Chet Hanks Continues To Be A Weirdo; This Time On 'Atlanta'
Atlanta is back this week with another standalone, anthology-type episode that features neither its main cast of characters, nor the city of Atlanta – although there is a brief glimpse of Al on a poster for Paper Boi’s homecoming tour on the side of a building, for those fans watching this show as attentively as some conspiracy theorists do The Shining.
“Trini 2 De Bone” is, unsurprisingly, a thematically dense story, mostly focusing on the inequities of America’s worsening child care crisis. And, like most episodes this season, it involves ghosts. In this case, a wealthy white couple’s Trinidadian nanny, Sylvia, passes away, and at the end of the show we see that her spirit is seemingly offering comfort to their young son – while also potentially haunting the parents, leaving mysterious packages at their front door.
Much of the episode is about the rich couple’s paranoia around the late nanny’s cultural influence on their kid, who now won’t even eat his eggs benedict without some homemade spicy mango curry on top. At the funeral, these fears are made manifest when they meet a white dude from Tribeca who speaks in a “Trinidadian” accent because Sylvia was his nanny too, and he’s played by … holy crap, is that Chet Hanks??
Yes, the cringetastic son of Tom Hanks (and step-brother of Wilson the volleyball) can now add Atlanta to his resume, next to Empire and the worst Indiana Jones movie. The meta joke here is that Hanks really does occasionally speak in a faux patois-esque accent, to the horror of the world in general.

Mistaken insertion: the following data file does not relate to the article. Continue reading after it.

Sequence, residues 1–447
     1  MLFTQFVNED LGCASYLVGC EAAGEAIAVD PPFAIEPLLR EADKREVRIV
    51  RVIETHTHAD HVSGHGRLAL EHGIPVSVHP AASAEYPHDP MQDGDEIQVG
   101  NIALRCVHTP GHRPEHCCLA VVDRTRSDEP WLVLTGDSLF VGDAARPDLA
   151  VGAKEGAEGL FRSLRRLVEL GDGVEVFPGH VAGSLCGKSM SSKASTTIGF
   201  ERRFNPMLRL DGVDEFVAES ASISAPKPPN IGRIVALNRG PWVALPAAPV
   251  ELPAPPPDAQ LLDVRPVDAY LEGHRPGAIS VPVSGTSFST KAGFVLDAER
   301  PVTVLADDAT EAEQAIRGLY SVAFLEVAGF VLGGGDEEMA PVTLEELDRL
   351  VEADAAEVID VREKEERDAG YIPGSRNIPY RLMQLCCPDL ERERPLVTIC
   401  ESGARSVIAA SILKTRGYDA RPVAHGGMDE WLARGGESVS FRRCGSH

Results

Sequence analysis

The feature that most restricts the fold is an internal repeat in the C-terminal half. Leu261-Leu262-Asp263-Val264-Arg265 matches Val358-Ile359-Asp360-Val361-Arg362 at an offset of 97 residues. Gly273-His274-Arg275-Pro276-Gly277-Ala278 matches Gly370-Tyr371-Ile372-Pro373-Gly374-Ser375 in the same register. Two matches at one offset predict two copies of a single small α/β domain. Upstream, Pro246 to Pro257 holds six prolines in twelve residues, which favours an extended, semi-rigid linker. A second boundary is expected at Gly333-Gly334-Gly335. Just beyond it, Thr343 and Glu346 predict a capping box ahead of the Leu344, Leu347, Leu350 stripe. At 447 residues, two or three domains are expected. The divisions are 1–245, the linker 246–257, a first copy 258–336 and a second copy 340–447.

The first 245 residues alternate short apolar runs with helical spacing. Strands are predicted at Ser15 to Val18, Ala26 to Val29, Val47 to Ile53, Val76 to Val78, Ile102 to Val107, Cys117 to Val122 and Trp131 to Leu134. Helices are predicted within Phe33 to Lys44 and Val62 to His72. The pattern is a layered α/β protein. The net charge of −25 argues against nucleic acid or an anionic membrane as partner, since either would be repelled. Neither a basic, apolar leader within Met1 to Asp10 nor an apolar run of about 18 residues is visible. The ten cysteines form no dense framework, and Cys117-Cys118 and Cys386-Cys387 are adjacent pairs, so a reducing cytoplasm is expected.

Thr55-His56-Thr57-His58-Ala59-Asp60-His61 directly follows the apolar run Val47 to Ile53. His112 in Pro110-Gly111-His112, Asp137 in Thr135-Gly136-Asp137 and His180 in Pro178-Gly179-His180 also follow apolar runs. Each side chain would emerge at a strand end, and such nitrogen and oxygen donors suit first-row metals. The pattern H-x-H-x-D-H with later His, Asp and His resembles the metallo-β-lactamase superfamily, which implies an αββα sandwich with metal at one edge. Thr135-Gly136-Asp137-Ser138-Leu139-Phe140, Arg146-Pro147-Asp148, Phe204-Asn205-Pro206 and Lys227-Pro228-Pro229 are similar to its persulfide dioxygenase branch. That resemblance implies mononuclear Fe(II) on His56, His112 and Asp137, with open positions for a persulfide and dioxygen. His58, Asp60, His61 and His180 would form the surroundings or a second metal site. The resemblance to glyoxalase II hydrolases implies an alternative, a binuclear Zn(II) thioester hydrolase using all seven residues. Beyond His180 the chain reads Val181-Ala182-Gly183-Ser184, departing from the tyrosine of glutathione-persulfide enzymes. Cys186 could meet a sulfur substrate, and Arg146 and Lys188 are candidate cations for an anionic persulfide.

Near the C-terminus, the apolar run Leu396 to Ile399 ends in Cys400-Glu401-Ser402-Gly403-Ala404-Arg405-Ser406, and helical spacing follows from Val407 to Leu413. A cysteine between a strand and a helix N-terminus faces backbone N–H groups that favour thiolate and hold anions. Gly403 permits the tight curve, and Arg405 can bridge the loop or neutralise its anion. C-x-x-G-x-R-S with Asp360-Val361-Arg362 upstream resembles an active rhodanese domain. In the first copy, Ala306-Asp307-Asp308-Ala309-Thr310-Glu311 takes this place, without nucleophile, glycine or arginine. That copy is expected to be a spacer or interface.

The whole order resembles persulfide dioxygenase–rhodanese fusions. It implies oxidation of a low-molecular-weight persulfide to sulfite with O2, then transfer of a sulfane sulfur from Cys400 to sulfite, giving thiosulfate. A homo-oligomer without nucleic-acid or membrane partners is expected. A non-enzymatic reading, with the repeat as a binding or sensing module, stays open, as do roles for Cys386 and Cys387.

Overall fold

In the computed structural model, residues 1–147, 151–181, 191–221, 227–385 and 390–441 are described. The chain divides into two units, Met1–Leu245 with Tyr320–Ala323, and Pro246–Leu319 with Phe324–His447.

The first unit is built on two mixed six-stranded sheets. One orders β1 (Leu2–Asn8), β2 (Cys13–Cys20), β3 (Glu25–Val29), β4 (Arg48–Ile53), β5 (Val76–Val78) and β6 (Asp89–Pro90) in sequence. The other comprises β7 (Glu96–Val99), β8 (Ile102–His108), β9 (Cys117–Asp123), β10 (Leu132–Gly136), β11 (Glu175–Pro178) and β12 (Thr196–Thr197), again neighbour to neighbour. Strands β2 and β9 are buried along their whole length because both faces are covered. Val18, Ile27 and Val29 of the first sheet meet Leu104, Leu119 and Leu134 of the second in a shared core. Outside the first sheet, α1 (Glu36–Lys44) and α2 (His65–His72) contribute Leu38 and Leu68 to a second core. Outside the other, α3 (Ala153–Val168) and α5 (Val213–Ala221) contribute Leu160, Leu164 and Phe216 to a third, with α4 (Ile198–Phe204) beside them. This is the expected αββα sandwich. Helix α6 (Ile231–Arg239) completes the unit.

Chet Hanks sucks for lots of reasons (the casual racism, the covid denial, the allegations of domestic abuse) but this was an admittedly funny scene. And his presence may tie into another of the episode’s themes: parental neglect. In this story, the rich white couple buck many of their parental responsibilities, and are content to let a woman they know virtually nothing about raise him. And Sylvia’s children vocally resent the fact that random white kids were afforded the attention and care from their mother that they never got to have.
And this is something that Chet has talked about to some extent; he made headlines when he claimed that he didn’t have a “strong male role model” growing up because his dad was always busy pretending to be in outer space, or solving riddles about Jesus. Obviously he was also the privileged son of a literal movie star, but part of the point of this episode seems to be that America’s wealth divide basically creates a perfect storm for kids to be ignored by their parents.
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Top Image: FX